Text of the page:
Another one of the albums in my Top Ten for 2012 is District 97’s Trouble with Machines.
Nick is right to call this “top-class prog metal.” It’s the sort of thing that is right up my alley.
But what makes this disc a cut above all the others in its class, and truly worthy of being in the upper echelon in that beloved genre, is the outrageously distinctive jazz sensibility that Leslie Hunt brings to these songs.
In fact, it is hard not to classify Trouble with Machines as the best jazz album of the year!
Just listen to all those wildly intricate jazzy vocal lines that Leslie does. Totally mind-blowing. And all in perfect coordination with her bandmates.
I was going to put Map of the Past by It Bites into this slot in my top ten, but Trouble with Machines won out instead. Partly this is because of my own metallic predilection, a longstanding gravitation towards riff-tastic guitar work.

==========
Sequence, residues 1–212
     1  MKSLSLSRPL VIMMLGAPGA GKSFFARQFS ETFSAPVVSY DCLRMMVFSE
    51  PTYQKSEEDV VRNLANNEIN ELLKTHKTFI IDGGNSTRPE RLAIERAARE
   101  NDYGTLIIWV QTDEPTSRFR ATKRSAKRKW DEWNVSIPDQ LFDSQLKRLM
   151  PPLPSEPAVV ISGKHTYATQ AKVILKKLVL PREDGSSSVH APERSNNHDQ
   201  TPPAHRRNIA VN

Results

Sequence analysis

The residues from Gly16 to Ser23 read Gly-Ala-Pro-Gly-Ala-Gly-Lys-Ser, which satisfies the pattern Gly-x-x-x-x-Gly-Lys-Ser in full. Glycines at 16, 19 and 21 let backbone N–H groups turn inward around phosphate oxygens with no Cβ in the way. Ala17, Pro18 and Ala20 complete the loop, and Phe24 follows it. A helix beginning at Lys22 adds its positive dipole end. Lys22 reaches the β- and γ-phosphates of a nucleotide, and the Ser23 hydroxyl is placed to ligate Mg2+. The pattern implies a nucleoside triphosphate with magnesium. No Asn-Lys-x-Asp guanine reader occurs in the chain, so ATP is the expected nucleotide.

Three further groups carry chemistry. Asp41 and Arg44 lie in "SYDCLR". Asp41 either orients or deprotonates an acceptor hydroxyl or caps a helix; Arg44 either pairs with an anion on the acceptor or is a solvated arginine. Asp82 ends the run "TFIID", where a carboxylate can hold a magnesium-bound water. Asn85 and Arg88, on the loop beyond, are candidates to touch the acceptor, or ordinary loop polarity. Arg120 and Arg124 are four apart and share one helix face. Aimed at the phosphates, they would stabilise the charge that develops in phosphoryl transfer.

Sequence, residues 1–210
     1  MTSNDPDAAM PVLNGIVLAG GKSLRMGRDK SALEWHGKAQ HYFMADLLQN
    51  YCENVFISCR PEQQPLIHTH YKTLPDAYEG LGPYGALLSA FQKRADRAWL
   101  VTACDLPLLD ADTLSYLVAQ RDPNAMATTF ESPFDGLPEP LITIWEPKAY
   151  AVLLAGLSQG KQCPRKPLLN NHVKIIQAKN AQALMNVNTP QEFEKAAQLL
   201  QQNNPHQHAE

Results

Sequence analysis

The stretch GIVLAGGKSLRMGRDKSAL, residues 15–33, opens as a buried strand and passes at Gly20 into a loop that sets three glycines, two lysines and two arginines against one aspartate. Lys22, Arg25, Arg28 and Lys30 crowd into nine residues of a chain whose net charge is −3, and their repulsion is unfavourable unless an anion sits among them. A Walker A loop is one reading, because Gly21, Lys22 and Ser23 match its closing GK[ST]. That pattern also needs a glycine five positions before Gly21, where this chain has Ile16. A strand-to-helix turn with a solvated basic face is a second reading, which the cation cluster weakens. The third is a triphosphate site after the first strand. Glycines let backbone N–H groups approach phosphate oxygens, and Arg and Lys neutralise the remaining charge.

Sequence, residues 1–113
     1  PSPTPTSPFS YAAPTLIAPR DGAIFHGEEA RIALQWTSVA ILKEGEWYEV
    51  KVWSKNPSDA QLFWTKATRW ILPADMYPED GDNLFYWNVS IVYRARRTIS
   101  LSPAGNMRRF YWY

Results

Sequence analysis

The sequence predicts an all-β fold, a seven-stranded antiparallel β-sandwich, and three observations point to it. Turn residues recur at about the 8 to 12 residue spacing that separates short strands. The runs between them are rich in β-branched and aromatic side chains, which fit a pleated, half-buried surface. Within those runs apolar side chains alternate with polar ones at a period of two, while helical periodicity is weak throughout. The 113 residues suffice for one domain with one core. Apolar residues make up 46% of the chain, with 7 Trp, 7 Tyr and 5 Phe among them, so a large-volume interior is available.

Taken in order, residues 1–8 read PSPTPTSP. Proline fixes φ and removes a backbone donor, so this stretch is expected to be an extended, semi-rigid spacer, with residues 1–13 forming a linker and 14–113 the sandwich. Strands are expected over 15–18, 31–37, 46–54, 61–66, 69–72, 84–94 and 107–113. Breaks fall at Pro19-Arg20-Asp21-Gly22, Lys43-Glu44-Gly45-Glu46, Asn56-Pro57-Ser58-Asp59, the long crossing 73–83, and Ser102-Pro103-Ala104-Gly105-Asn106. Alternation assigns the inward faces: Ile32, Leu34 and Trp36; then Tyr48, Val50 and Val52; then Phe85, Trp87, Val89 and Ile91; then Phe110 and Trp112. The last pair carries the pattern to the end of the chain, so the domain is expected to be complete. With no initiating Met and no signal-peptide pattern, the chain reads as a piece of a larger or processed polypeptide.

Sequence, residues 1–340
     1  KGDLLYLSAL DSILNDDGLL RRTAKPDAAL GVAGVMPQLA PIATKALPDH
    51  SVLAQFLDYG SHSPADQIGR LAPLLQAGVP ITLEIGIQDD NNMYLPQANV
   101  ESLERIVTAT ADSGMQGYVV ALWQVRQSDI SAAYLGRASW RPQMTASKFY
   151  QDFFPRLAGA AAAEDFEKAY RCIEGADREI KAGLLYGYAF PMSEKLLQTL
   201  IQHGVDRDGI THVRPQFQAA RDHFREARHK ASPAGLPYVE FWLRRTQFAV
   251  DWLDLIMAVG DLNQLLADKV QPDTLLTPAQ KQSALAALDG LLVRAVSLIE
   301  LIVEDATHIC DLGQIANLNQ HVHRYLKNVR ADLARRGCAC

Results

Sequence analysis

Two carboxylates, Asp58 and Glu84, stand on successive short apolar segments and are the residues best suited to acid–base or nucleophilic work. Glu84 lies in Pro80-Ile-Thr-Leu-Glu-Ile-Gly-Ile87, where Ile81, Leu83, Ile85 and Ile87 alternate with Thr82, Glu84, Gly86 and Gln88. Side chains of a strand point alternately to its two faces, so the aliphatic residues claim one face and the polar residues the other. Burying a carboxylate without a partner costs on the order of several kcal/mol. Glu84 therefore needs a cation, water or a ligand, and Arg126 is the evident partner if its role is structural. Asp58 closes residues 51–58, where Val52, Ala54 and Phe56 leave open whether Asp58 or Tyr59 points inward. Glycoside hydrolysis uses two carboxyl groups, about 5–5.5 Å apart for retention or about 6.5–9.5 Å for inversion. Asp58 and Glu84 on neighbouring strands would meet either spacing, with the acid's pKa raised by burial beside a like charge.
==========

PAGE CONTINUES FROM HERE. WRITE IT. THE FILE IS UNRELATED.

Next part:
But mostly this is because the prog-pop excellence of It Bites was eclipsed for me by the more purely pop perfection of Bend Sinister, which won a spot in my Top Ten this year instead. Beautiful as Map of the Past is, the purer power pop perfection of Small Fame wins out.
In other words, for me the prog on the It Bites disc is less innovative than District 97’s prog-giness, and the pop less perfect than Bend Sinister’s pop-iness. But darn it, this was a tough call to make.
I love how District 97 has a bunch of my all-time favorites as their prog influences: e.g., you can catch them live doing eminently satisfying covers of Rush and Genesis. But then they transcend all that and do something amazing: i.e., they are able to be their own audaciously unique selves.
What a great album this is. Don’t miss it. I think it exhibits a magical truth of prog: viz., how a truly great group must be one that is made up of extremely talented individuals but who then become something even greater than the mere sum of their parts.
Moreover, this amazing group is arguably what jazz was always meant to become, in order to articulate the maximum impact of its full musical potential. At least that’s what their amazing jazz metal is for a guy like me.